Oil Market Turmoil – Good or Bad News for Consumers?

The coronavirus crisis has affected all aspects of economic life but its impact on the oil and gas markets has been especially dramatic.  The oil market was already on the verge of over supply before the crisis struck. Producing countries were struggling to agree production cuts even before the scale of the global economic downturn became apparent so a demand reduction of around 35% could barely have come at a more inconvenient time.


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A Word on the Saudi Oil Installation Attack

What surprises me about the attack on the Saudi oil installation is that with all of the technology available to the Saudis, particularly from the US, a single drone was able to cause so much damage. The Houtis have claimed responsibility although that doesn’t actually mean that they did it. Anyone that wants to can take the credit. The Houtis are supported by Iran, but that doesn’t mean that their actions are necessarily controlled by Iran.

The market responded initially to the risk but then relaxed. There is too much oil in the market anyway. Saudi and Russia will need to cut back if they feel the need to “balance” the market, but neither wants to do that. So, perhaps, the incident has done them a favour? The US is always quick to blame Iran, but I cannot actually see how Iran benefits. Countries that depend on imported oil to sustain their economies are most at risk, like China and India. In my view, the incident highlights the world’s dependence on oil and even though it will supposedly be phased out one day, looking ahead over the next twenty years or so, all forecasts illustrate that it will still have a strong future even though this may be regarded today as short-term.

The Saudi Aramco float is now under scrutiny with many saying it will need to be pulled. However, as I have said, the incident makes us realise how dependent we are on oil and, therefore, why not go ahead with the float? Asia and the US responded more dramatically than Europe, and as the price has since fallen back, perhaps the risk is not being seen as quite so dramatic as it has been reported.  With geo-political tension mounting and no sign of the US-China trade war being settled, the oil price is under pressure here but more so from the threat of a slowdown and drop off in demand.

The US is virtually self-sufficient in terms of crude oil, but diesel exports and gasoline imports between Europe and here could be vulnerable. The US does have strategic reserves, which could be called upon. Markets respond to current situations, although in reality, stocks are purchased some time in advance, but as the US “driving season” ended last week on Labor Day, any impact will be less serious. What we don’t know is how the US administration will respond. Thankfully, John Bolton has gone, although the legacy may hang around for a while. Pompeo has said that the US is ready to strike Iran and Trump is ready to go, but where is the evidence? Physical conflict between the US and any country in the Middle East will escalate further. Restraint is called for before the US moves into another conflict zone on behalf of another country. Since the Khashoggi murder, the relationship has cooled off somewhat and therefore rushing to the Saudis defence may not be quite so popular as before.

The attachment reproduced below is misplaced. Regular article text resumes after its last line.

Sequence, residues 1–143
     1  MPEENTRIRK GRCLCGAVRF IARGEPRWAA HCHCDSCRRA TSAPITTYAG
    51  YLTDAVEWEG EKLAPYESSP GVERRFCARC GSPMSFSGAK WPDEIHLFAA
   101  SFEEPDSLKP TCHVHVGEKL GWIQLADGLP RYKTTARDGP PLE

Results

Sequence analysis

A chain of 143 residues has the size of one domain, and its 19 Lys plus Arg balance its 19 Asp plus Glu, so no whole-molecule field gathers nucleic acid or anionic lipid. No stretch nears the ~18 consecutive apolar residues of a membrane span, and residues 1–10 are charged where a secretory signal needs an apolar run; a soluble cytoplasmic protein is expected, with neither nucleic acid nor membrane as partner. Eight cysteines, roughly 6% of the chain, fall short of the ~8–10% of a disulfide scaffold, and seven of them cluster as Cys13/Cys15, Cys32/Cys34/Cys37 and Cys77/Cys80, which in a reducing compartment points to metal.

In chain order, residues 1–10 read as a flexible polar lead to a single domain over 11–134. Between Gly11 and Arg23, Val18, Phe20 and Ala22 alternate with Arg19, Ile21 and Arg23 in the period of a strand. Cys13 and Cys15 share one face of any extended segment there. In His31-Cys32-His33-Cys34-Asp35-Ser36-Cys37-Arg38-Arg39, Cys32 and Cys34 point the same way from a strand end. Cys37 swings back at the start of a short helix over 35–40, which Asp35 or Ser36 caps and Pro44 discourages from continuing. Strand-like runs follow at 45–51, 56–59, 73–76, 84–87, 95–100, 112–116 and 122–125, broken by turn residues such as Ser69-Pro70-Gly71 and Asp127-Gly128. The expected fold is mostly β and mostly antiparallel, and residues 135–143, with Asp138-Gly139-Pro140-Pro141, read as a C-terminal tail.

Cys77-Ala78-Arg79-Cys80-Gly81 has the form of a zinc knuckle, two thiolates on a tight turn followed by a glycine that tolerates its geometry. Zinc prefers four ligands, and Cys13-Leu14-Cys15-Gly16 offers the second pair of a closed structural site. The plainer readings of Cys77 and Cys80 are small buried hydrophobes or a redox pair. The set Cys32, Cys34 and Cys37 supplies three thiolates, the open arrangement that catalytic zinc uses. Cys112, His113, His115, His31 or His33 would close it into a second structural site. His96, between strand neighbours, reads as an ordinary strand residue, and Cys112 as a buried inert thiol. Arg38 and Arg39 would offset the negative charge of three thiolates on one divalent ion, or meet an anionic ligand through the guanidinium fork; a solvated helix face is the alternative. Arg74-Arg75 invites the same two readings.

No one knows how much damage the Saudi infrastructure has suffered or how long before it will be brought back fully on stream, although a recent report, unsubstantiated, has implied that output is already close back to full. Furthermore, can we trust the information that the news media are being given? Bad news is good news for the oil price! Let’s see what develops over the next few days and let the oil price mirror sentiment.

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Important Note on the Yellowhammer Report

Yellowhammer – Is there really a risk of energy price increases, or is this bird a red herring?

There have been some alarming reports in the media today about the risk of significant increases in electricity prices supposedly highlighted in the government’s Yellowhammer report on no deal Brexit impacts.  I believe these are the result of misunderstanding the relevant text (below).

  1. Demand for energy will be met and there will be no disruption to electricity or gas interconnectors. In NI there will be not be immediate disruption to electricity supply on Day 1. A rapid SEM [Single Electricity Market] split could occur months or years after EU Exit. In this event, there would not be security of supply issues. However, there will likely be significant electricity price increases for consumers (business and domestic), with associated wider economic and political impacts. Some participants could exit the market, thereby exacerbating the economic and political impacts. (BEIS)

The document refers to the risk of ‘significant increases in electricity prices’ in Northern Ireland specifically, and then only in the event of a rapid split in the all-Ireland Single Electricity Market – something both the UK and Irish governments are intent on avoiding.  There would be NO material effect on the GB electricity market either way.

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